Nostalgia takes us back in time and reminds us of the good old days. But nostalgia is selective in what it remembers. And the response to nostalgia vastly depends on the person experiencing it; it’s subjective. In this interesting video, photographer Jamie Windsor talks about how nostalgia affects your photography:
Nostalgia and the Retro Look
Things and events with nostalgic attachments usually make us happy because of the dopamine release that occurs when exposed to the stimulus. Dopamine makes us feel good. There are good examples of marketers and camera companies leveraging nostalgia to cultivate loyal consumer groups. For instance, photographers who were used to working with analog cameras love the retro design of rangefinder cameras. This is why many popular Instagram filters and other presets depict washed out, grainy film looks with light leaks.
“Faded black, heavy grain, light leak, color casts, are evocative reminders of our family photo albums from the days of film and cheap consumer cameras.”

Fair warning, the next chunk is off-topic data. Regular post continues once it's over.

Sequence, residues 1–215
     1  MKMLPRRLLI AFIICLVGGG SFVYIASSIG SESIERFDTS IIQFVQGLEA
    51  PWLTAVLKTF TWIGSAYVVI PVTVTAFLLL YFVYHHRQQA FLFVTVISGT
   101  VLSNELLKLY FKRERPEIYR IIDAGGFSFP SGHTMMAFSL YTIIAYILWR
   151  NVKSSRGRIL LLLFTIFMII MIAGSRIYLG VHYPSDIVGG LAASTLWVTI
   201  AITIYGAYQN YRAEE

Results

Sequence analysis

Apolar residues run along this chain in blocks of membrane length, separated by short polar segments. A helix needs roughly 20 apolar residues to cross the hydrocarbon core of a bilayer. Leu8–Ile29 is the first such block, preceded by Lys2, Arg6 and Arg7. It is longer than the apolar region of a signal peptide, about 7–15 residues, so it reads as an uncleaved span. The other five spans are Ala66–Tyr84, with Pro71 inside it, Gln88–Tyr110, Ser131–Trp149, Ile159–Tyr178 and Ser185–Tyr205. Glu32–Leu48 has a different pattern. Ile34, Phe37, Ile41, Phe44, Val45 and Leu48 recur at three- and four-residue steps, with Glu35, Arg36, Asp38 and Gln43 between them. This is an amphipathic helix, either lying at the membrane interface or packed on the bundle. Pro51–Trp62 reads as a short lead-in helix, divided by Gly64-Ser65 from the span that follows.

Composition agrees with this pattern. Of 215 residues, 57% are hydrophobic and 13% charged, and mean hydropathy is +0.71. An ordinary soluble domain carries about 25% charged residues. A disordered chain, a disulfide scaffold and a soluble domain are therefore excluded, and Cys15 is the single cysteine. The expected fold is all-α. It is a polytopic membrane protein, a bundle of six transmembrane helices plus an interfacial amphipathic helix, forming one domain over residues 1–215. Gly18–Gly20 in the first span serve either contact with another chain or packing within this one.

Using Nostalgia as a Building Block
Being influenced by nostalgia is great, but what’s better is using it as a solid foundation to develop your work further. For instance, Fujifilm cameras sport the same old retro look while featuring modern technology and producing high-quality images. This way, Fujifilm is catering to nostalgic sentiments while being equally modern in terms of functionality.
“Value is created in things by embracing the new.”
What this means is that your work shouldn’t just be the reminiscence of the past. Build on it and take it ahead. You don’t need to be the next Henri Cartier-Bresson, Vivian Maier, Dorothea Lange, or Ansel Adams. Learn from them and try to incorporate something new and groundbreaking.
“Groundbreaking work from the past was groundbreaking because it broke ground, because it was something new.”
Try new things, work with new concepts, and new ideas. This reflects authenticity in your work. Get creative! It’s not even necessary that your style of photography be covered by any of the existing genres. Why not create a platform of your own?
“Try being led by the subjects and what you want to say, not by a style that already exists.”
Are you obsessed with getting certain nostalgic looks in your images? Maybe it’s time to rethink that. What do you say?
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